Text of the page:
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Registry Working Group WP3 (Metadata Specifications)

Discussion of PR IVOA Identifiers v1.1

The Proposed Recommendation for IVOA Identifiers was posted 21 June 2004 in the IVOA document repository. Comments regarding issues that should be considered before this standard is elevated to an IVOA Recommendation should be posted here by 31 July 2004.

The above was never followed up. New close date is 20th Feb 2005.

When adding comments, be sure to include your name and the date and divide each with a "---".

A pending version incorporating feedback posted here is available as Identifiers-20050302.html. Please see my comments below for a summary of the changes over PR v1.1.

-- RayPlante 03 Mar 2005

I found a number of typos and grammar errors, and suggest that these be fixed. I have no objections to the document otherwise. -- BobHanisch - 09 Feb 2005

Thanks for the corrected .doc version; corrections have been incorporated.

-- RayPlante - 25 Feb 2005

IETF URNs have a specific syntax described in RFC2141. The proposed syntax of our resource identifiers is different although the semantics are the same. That's OK, but we should avoid calling our identifiers URNs.

-- GuyRixon - 20 Feb 2005

I agree. I'll adjust language accordingly. I'll note that URN is only referenced in the Definitions section, and not in the main spec.

-- RayPlante - 24 Feb 2005

Having looked more carefully at the text (and given my note above), I've not made any changes to address this. The introduction explicitly states that this proposal does not address location-independent names, the realm of URNs.

-- RayPlante - 25 Feb 2005

Our identifiers are in two parts, the global part and the local part, separated by (typically) a '#'. We need names for these parts to aid discussion. I suggest naming the global part the International Virtual Observatory Resource Name (IVORN) and the local part the Local Resource Name (LRN). Formally, neither includes the '#' separator. These terms should be defined in a new section 3.1.3. I'll use these terms in further comments below.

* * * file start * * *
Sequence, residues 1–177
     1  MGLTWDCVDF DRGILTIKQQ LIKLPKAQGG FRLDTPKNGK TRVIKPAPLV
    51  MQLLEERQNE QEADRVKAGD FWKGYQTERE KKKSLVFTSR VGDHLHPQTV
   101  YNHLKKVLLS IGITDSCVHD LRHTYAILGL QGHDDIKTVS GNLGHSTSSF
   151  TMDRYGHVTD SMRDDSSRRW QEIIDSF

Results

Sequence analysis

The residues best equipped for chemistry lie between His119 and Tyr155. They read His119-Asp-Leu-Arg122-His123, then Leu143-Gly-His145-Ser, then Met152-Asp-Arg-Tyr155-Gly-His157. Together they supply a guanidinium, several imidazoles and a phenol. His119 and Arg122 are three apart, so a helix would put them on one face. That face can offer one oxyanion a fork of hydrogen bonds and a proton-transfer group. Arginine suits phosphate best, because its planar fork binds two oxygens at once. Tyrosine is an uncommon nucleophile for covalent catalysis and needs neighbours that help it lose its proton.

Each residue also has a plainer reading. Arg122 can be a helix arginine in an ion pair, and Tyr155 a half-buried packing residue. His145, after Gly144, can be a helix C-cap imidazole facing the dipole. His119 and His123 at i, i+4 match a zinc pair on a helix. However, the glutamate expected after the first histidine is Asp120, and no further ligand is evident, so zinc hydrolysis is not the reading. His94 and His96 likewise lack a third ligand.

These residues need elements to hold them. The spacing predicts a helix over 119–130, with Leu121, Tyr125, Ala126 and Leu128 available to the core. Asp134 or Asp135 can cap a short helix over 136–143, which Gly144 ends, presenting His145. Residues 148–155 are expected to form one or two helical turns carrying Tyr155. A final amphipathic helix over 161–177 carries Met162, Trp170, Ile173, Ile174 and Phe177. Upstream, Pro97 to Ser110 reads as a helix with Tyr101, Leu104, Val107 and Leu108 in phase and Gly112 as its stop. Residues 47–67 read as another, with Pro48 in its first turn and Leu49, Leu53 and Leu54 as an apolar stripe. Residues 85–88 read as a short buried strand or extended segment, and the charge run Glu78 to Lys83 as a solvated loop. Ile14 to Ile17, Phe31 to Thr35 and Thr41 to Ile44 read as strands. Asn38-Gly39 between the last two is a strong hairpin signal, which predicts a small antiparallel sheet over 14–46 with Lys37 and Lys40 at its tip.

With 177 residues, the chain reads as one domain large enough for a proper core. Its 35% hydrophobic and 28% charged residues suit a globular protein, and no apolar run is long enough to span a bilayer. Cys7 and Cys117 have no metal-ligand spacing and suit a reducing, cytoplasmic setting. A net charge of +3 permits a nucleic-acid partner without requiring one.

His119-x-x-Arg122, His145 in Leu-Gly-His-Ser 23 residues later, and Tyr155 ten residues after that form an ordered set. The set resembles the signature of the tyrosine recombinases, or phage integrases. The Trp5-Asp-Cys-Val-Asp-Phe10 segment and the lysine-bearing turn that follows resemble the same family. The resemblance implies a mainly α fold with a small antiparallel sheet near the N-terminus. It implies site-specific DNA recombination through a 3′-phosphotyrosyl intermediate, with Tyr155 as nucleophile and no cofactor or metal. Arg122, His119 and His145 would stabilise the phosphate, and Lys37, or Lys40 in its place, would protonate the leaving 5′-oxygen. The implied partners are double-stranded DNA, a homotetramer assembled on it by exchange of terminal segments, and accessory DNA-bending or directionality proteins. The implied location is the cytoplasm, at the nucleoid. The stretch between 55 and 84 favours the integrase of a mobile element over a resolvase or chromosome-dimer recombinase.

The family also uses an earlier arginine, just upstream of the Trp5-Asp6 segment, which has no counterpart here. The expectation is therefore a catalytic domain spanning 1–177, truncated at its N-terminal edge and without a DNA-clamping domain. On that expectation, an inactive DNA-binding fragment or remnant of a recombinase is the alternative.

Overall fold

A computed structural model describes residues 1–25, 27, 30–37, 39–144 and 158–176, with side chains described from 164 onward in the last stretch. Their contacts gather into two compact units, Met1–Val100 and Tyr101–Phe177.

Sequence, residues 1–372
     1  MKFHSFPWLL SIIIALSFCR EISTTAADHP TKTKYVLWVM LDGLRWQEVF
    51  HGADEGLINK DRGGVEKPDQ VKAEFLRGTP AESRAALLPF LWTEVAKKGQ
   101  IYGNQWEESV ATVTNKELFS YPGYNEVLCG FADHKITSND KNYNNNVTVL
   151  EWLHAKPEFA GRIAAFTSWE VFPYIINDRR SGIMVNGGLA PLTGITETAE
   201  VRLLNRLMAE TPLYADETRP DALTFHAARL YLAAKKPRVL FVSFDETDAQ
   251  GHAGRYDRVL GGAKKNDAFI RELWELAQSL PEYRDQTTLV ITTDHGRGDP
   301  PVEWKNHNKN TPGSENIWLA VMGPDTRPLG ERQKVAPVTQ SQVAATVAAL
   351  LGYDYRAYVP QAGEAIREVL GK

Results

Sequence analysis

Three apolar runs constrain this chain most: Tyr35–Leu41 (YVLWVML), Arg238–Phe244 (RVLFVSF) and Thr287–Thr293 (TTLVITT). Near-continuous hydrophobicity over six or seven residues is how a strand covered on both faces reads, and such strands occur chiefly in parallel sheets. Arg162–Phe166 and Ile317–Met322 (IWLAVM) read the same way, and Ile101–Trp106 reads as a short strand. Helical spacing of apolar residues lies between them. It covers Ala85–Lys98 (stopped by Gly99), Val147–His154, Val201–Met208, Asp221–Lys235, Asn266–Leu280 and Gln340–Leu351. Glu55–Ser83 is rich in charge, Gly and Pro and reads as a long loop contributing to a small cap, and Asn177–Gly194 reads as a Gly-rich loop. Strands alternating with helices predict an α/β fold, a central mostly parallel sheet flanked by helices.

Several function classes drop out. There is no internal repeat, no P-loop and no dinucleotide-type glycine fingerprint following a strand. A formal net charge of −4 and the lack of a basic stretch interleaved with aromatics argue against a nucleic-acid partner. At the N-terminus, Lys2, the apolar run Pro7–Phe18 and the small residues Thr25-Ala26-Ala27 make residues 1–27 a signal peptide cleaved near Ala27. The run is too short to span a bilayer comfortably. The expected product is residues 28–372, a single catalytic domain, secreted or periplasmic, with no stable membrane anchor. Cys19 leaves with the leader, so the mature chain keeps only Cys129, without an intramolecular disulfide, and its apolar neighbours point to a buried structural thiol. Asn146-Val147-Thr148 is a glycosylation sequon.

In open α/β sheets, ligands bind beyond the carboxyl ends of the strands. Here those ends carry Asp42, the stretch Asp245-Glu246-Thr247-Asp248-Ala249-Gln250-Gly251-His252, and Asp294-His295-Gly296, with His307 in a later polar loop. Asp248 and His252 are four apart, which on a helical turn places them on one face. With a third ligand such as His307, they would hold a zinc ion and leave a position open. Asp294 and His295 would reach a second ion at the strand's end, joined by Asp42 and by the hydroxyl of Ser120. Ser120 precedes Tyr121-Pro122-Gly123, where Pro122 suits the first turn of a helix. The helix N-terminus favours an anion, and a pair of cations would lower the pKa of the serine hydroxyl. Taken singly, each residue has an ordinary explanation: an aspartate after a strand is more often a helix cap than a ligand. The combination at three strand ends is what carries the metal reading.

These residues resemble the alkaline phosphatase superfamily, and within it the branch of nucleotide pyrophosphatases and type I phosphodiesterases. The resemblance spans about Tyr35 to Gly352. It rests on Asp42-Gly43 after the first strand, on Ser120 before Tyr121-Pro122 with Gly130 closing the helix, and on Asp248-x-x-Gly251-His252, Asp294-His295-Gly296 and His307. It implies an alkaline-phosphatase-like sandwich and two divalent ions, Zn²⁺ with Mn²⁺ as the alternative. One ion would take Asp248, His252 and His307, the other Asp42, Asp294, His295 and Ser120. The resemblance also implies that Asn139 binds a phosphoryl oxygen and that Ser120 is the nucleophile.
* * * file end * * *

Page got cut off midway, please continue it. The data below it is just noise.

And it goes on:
-- GuyRixon - 20 Feb 2005

I like your IVORN suggestion, although I'm partial to IVORI.

Note, however, that this spec on purpose does not specify what the role of what comes after a # or ?; although, it is being used for LRNs, as you call them. This is the result of direct feedback from reviewers. A group average of the reason why is that it was considered too early to set this in stone, yet.

I would like to eventually see this standardized in the way you describe; however, given the past discussion, I would prefer not to stick it into a revision for PR->Rec promotion. More review would be appropriate.

Given that the LRN is being tabled, I would rather not switch whole-hog to a IVORN as official jargon (especially since IVOID is in common VO parlance now and shows up in things like an XML attribute "ivo-id"). I will adjust the language to a bit to transition us toward this in anticipation of a v1.2 that addresses LRN.

-- RayPlante - 24 Feb 2005

I've changed the parlance generally to IVOA resource identifier throughout. Where this term is defined, I indicate synonyms:

An IVOA Resource Identifier (or IVOA identifier or IVOA ID for short) is a globally unique reference....
One of the shortened versions is sometimes used soon after the long version to make the style less clunky.

-- RayPlante - 25 Feb 2005

In section 3.2.2, clarify the rules for usage of the URI. Something like this:

Any URI with the scheme ivo SHALL be interpreted as an IVO resource identifier. Such a URI MUST conform to the syntactic rules for these identifiers.

IVO resource identifiers are not URLs. The ivo scheme does not imply a transport protocol by which the resource may be accessed. Agents SHOULD NOT depend on implict mappings between IVORNs and URLs (e.g. replacing the ivo scheme with the http scheme in the URI to derive a URL for the resource.

-- GuyRixon - 20 Feb 2005

I'm okay with this. I'll adjust with slight edits. Agents run by the publisher is free to assume a mapping to a URL for his/her own IDs.

-- RayPlante - 24 Feb 2005

At the end of 3.2, I've added:

It is important to note that an IVOA resource identifier in URI format is not a URL. The ivo scheme does not imply a transport protocol by which the resource may be accessed. Agents, in general, should not depend on implicit mappings between IVOA resource identifiers and URLs (e.g. replacing the ivo scheme with the http scheme) to derive a URL for the resource. Resource publishers, however, may support such a mapping between identifiers and URLs that they manage; in this case; agents should only assume the mapping applies within the domain of the publisher.